Henry Casselli's life and art intersect inexorably with that of New Orleans. Born in the racially mixed Ninth Ward near the French Quarter, he has a firm grasp on the realities that permeate the daily experiences of ordinary people, particularly in that section of the city. His work has taken him far afield, such as his involvement with the NASA "Artistry in Space" project, but his attachment to his roots in New Orleans remains at the heart of Casselli's abiding concern as a painter whose primary focus is fixed on the qualities that he finds in his encounter with the life around him. These concerns for the human experience are essential to his work and form its dominant character.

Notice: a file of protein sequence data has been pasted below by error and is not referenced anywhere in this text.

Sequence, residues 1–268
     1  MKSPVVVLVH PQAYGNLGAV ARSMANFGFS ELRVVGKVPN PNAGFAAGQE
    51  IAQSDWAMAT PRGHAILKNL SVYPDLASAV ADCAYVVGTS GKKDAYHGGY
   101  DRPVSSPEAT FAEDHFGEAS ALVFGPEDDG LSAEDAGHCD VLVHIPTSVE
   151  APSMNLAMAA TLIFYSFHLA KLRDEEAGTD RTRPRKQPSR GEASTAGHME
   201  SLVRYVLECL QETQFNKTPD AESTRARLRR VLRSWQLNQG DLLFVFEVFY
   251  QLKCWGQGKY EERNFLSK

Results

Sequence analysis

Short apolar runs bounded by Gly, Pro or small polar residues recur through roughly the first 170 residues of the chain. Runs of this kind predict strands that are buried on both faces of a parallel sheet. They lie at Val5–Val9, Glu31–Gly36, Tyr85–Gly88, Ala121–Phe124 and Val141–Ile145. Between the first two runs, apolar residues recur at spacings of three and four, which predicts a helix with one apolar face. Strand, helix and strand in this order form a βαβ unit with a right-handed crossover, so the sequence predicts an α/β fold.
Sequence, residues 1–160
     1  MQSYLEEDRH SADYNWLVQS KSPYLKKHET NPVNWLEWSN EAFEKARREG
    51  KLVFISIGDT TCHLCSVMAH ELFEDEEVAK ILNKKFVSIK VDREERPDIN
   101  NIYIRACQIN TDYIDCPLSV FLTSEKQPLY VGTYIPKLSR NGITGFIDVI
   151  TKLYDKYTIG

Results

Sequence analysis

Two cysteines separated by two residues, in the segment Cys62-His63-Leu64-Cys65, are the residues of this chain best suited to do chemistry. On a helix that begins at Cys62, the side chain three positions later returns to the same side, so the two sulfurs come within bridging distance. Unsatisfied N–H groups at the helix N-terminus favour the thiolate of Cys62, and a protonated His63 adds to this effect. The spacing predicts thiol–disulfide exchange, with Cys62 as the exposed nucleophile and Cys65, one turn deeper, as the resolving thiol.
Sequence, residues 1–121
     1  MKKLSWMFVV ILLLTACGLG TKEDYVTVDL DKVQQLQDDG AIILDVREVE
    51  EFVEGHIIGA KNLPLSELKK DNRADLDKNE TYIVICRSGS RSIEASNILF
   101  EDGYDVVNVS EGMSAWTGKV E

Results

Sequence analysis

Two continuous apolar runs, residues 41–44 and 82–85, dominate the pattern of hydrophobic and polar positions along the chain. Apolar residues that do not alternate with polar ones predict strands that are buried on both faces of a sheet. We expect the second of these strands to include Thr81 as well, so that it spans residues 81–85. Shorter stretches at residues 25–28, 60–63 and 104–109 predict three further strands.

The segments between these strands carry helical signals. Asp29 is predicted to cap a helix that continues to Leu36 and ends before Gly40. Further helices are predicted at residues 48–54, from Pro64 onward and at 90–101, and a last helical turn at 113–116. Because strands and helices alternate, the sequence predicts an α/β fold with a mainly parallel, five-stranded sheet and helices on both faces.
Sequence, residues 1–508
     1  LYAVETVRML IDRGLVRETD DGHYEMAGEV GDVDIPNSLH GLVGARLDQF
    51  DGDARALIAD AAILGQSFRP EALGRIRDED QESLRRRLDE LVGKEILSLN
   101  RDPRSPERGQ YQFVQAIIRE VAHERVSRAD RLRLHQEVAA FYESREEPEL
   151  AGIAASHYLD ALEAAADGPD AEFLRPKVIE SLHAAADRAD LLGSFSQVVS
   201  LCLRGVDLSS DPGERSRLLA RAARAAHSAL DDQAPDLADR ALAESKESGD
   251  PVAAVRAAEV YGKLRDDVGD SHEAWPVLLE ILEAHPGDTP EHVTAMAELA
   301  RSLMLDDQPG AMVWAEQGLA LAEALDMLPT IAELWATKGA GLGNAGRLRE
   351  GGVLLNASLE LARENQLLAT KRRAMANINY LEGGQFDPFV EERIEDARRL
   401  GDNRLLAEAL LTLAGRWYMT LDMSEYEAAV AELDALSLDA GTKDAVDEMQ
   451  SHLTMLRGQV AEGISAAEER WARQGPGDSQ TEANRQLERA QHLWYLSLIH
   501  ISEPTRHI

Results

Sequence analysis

Casselli began his studies in New Orleans at the McCrady School of Fine and Applied Arts in 1964. John McCrady (1911 - 1968) was an influence on Casselli's direction, certainly; but, McCrady's principal function as a teacher was largely to affirm the rightness of Casselli's natural inclinations. As early as his second year at the McCrady School, Casselli's mentor was confident enough to invite him to join the faculty as an assistant instructor. Casselli matured at the McCrady School through sheer application to work and, as he says, from learning from "every piece of art I've ever seen," which included reproductions he found in books.